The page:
Alfred Corn: Occupy Providence (OP) was different from Occupy Wall Street (OWS), first, in that I saw many more tents in Burnside Park than were in Zuccotti Park. But, paradoxically, fewer people. The day we were there it was very quiet. No one was holding up signs or chanting. I heard only one drum played briefly and not very loud, whereas drums were uninterrupted at OWS. Burnside Park seemed very well organized, with even a sign-up for "Garden Detail." Food service was efficient and clean. The first-aid table seemed ready to help any person with minor injuries. There were fewer onlookers at Burnside, which was more a world unto itself. Sixties demos didn't provide as much for participants as OWS does. But then the duration of the event is now longer.
If I compare OWS to demonstrations of the Sixties, I would say there is less anger expressed now than then, more determination to make a peaceful statement. No one uses the word "revolution" now. The percentage of older participants is greater now than then. In fact, some of the older participants are former activists from the earlier decade. The focus of discussion in the Sixties was war and imperialism. OWS and its fellow demonstrations are focused on the financial plight of the "99%." The Sixties also had a cultural message, involving alternative ways of forming communities, a bias in favor of mind-altering substances, a different aesthetic proposed for music, visual art, and poetry, indeed, unconventional, perhaps "tribal" ideas about clothing and personal ornament. But OWS isn't much concerned with culture.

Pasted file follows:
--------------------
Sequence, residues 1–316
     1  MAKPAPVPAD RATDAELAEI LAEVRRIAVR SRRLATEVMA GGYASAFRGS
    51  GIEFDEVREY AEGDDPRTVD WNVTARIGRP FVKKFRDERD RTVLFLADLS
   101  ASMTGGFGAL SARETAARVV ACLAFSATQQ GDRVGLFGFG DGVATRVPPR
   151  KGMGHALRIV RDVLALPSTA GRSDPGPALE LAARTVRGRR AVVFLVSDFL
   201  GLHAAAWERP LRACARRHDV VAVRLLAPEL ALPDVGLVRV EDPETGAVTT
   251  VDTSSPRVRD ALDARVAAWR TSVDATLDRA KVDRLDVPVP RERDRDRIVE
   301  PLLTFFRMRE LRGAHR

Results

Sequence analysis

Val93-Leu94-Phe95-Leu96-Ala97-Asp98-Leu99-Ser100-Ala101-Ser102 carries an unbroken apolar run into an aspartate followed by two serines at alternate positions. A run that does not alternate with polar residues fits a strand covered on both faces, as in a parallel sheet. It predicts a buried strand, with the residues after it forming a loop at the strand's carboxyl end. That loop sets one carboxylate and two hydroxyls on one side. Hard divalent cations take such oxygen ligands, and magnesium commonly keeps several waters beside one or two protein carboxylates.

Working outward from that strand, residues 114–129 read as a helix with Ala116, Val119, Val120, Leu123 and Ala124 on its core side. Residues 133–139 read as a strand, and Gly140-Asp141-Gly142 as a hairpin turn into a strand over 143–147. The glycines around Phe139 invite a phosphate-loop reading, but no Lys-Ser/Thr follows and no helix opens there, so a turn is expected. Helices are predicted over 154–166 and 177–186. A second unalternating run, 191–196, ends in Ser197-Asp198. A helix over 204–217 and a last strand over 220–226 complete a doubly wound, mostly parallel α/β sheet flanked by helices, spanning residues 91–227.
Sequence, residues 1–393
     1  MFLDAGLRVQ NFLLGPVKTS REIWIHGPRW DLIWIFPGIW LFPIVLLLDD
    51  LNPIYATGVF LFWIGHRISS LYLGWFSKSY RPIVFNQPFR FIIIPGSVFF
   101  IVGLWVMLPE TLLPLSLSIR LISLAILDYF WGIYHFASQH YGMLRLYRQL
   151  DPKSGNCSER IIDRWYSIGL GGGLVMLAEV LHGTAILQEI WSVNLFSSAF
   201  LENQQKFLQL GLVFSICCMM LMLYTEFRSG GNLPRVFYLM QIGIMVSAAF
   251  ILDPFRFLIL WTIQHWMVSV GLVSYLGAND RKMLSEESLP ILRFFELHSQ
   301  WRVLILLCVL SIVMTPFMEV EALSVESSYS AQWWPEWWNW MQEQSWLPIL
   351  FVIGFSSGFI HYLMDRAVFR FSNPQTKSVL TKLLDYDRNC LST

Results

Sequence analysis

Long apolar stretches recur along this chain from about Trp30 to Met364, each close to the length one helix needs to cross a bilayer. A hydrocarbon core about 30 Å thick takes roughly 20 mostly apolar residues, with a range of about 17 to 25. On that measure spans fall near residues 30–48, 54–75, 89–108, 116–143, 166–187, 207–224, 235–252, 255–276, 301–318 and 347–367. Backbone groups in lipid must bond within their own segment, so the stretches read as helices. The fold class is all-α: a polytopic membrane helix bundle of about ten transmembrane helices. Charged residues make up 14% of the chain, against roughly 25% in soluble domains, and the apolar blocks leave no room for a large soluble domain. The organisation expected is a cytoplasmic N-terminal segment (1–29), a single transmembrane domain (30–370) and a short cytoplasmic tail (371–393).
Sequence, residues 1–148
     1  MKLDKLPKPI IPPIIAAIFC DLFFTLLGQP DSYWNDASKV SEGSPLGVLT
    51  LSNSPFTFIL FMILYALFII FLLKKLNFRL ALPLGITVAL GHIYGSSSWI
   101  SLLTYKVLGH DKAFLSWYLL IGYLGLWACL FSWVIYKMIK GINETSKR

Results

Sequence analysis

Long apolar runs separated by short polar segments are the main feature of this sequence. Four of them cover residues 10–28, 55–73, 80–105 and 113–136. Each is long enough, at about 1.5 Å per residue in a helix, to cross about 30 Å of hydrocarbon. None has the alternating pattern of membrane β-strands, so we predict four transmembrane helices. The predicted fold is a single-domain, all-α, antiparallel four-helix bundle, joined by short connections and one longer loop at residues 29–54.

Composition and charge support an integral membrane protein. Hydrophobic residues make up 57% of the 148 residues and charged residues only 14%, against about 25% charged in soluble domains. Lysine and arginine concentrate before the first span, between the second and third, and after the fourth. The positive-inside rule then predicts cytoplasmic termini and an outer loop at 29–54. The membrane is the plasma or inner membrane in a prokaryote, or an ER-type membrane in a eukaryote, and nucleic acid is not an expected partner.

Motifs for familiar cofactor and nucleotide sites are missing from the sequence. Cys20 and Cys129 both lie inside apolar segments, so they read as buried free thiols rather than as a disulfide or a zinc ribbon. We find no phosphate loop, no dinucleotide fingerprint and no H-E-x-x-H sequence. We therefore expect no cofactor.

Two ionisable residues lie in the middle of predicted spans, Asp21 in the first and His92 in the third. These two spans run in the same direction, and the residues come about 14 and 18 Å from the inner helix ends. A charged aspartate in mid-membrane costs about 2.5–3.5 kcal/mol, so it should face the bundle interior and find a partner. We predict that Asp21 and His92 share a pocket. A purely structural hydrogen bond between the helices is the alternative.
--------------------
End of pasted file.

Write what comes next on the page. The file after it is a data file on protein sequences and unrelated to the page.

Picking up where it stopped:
Demonstrations in the Sixties had a limited time frame: a given day for a limited number of hours. OWS is a sort of "live-in" for an unspecified duration. It reminds me of the "Hoovervilles" of the 1930s, semi-permanent housing thrown up by those made homeless by the Great Depression. Because there are no leaders as such, it seems provisional, ad hoc, fluid, and hard to define. Definition will probably come, and there is already a lot of education, via discussion and distribution of flyers, etc. I don't believe most Americans were aware, before OWS, that 1% of the population holds 40% of the wealth. But now they can't fail to know it. Knowing it, they may take steps to change this ratio. I hope they will.
Doug Anderson: Going to Occupy Providence filled me with hope. Watching the networks give their homogenized versions left me feeling lonely until I got to Burnside Park. There is nothing more powerful than bodies in the street working for change. There were all kinds of people: those my age who remember the 60's, middle class professionals, and very smart young people full of solutions for everything from alternative energy sources to reforming the electoral process. There were disabled people with signs pertinent to their fate if their various disability funds were cut. There were children and the very old. I felt like I'd come home after a long exile.
I left Providence late that fall afternoon feeling grateful to have taken it in with two writer friends. I don’t yet know how, or even if, what I saw that day will find a way into my poems. I’m not sure Alfred or Doug knows either. But it was important for each of us to be there—as writers, as citizens, as witnesses.